Americans don’t understand how Arabs and Muslims see the rest of the world. ‘Martyrs’ and ‘occupied holy land’ ring a note even for secular, open-minded Arabs and Muslims because of decades (well, centuries) of people screwing people over in the Middle East. Americans take it personally that Iraqis see them as intruders and invaders, even crusaders. Because of America’s geographical position, I believe it has a blind spot when it comes to understanding foreigners’ perspectives — it doesn’t know about fearing for its survival in any real terms. Americans are just as guilty of stereotyping as Arabs are — ask an American whether he should call the anti-coalition forces in Iraq terrorists, insurgents, foreign fighters, mujaheddin, or whatever, and he’ll probably tell you that it don’t really matter, they’re all fuckin’ ragheads who should be shot.

The other component is that groups like Al-Qaeda are releasing tons of information on a daily basis, but none of it really makes the airwaves. Al-Qaeda tends to release many statements a day taking credit for various attacks. Globalterroralert.com and globalsecurity.org do fairly good jobs keeping track of these latest communiques. There is a lot of content not making it onto TV, or even RSS or the blogosphere. Only Zawahiri, bin Laden, or Zarqawi make the headlines.

Does Al-Jazeera have links to terrorists? Obviously it has had a few already. It probably has plants or sympathizers or people who will put things on the table in order to get scoops. While not as deeply corruptible and resourceful as American media can be, I’m sure they have their own methods. Several Al-Jazeera employees have been removed for relations with the terrorists, and that is to be expected. But Al-Jazeera by no means lives up to the slagging that it gets from American news organizations and the Administration. The Minutemen would like to differ though:

“The world’s most prolific terrorism television network has cancelled its recon operation at the Arizona/Mexico border, according to the Arizona Star newspaper. Al-Jazeera broadcasts in full all the latest messages from Osama bin Laden and Abu Musab al-Zarqawi to Al Queda’s followers – as well as their footage beheading innocent non-combatants and hostages.Yet according to their Washington, DC-based reporter, Nasreddine Hssaini, they wanted to cover the unsecured Arizona/Mexico border from, “… the human point of view.””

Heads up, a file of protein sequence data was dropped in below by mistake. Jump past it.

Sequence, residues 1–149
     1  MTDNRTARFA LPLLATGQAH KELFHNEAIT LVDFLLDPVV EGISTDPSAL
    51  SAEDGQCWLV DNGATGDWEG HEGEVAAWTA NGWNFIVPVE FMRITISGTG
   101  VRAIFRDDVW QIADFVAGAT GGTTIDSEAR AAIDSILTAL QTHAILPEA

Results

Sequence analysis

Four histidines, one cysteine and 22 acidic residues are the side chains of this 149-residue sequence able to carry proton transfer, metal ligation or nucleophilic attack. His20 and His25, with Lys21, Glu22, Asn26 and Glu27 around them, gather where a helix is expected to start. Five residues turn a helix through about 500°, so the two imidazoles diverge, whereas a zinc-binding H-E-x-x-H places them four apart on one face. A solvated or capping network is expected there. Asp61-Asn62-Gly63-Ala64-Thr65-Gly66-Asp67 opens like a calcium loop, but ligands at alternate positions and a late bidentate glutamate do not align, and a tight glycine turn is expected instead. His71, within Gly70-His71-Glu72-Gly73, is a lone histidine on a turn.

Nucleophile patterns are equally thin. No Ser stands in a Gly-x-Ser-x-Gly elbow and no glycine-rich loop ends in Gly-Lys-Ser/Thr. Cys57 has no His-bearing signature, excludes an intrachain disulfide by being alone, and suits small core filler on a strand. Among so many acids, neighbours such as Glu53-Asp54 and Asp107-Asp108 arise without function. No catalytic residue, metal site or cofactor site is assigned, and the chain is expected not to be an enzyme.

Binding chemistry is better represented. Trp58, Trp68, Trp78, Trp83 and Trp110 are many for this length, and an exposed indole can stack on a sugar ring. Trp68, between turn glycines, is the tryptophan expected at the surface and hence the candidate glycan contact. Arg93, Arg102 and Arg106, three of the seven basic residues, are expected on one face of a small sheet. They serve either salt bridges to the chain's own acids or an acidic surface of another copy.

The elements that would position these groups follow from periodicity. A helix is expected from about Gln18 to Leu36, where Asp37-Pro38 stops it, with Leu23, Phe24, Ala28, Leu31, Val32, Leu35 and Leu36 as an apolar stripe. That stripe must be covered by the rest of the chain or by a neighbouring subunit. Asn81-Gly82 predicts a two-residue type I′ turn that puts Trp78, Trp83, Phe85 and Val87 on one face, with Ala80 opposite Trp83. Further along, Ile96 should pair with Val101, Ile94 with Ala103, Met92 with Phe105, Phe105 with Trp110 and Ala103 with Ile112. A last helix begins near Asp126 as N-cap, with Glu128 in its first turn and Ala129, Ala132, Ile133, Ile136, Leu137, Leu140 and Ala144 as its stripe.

My final comment is in relation to the quote above. I feel that Al-Jazeera treats bin Laden favorably because the Middle East supports what bin Laden is doing, or at the very least, they feel his call to jihad deep within their Muslim roots. It has been completely misrepresented by the U.S. that bin Laden is an egomaniacal, homicidal maniac. As Michael Scheuer’s Imperial Hubris discusses at length, bin Laden actually has a long-term plan which he takes his time executing. He is thinking about purifying the Muslim world and bestowing upon it a caliphate. He has taken on a mythical Robin Hood-like aura, standing up to the west and defending his way of life. It resonates deeply upon all Muslims. He writes with words of love for his people and he quotes at length from poetic or Koranic sources. Scheuer writes that bin Laden’s style of writing is grandiloquent and impressive in its skill, inspiring and romanticizing the jihad for many disillusioned, disenfranchised wannabe mujaheddin in the Middle East. Bin Laden is not a crazy nutjob like Zarqawi is, and he gains the respect of many Arabs.

There is so much more to all of what is going on than most people (like Star Jones!) realize or care to learn about. Keep your mind open and try to think about how you’d feel from someone else’s perspective. Until we begin to understand Arabs, Muslims, and the anti-coalition forces, it will continue to stupefy us that they don’t want to get on board with the American program. And until we realize that Al-Jazeera symbolizes the voice for a long-repressed people and that we should listen to what it has to say, then we’re going to be at odds with the hearts and minds we’re supposed to be winning over.

Advertisements

Leave a comment

Filed under Uncategorized

Leave a Reply

Fill in your details below or click an icon to log in:

WordPress.com Logo

You are commenting using your WordPress.com account. Log Out / Change )

Twitter picture

You are commenting using your Twitter account. Log Out / Change )

Facebook photo

You are commenting using your Facebook account. Log Out / Change )

Google+ photo

You are commenting using your Google+ account. Log Out / Change )

Connecting to %s